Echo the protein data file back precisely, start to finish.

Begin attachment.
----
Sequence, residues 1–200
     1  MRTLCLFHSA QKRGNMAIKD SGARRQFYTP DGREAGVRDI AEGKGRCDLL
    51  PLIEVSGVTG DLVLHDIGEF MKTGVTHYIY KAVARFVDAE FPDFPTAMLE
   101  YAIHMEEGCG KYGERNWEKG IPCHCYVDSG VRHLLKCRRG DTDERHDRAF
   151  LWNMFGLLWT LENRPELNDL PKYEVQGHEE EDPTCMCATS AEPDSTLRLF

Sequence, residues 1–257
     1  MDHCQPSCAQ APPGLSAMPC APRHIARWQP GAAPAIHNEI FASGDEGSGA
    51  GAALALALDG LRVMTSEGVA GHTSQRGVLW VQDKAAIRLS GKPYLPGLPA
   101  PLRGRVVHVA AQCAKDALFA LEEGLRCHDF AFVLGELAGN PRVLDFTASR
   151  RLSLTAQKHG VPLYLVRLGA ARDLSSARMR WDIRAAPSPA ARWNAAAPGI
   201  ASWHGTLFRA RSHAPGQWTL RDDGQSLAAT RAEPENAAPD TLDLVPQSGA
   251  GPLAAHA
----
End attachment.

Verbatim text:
Sequence, residues 1–200
     1  MRTLCLFHSA QKRGNMAIKD SGARRQFYTP DGREAGVRDI AEGKGRCDLL
    51  PLIEVSGVTG DLVLHDIGEF MKTGVTHYIY KAVARFVDAE FPDFPTAMLE
   101  YAIHMEEGCG KYGERNWEKG IPCHCYVDSG VRHLLKCRRG DTDERHDRAF
   151  LWNMFGLLWT LENRPELNDL PKYEVQGHEE EDPTCMCATS AEPDSTLRLF

Sequence, residues 1–257
     1  MDHCQPSCAQ APPGLSAMPC APRHIARWQP GAAPAIHNEI FASGDEGSGA
    51  GAALALALDG LRVMTSEGVA GHTSQRGVLW VQDKAAIRLS GKPYLPGLPA
   101  PLRGRVVHVA AQCAKDALFA LEEGLRCHDF AFVLGELAGN PRVLDFTASR
   151  RLSLTAQKHG VPLYLVRLGA ARDLSSARMR WDIRAAPSPA ARWNAAAPGI
   201  ASWHGTLFRA RSHAPGQWTL RDDGQSLAAT RAEPENAAPD TLDLVPQSGA
   251  GPLAAHA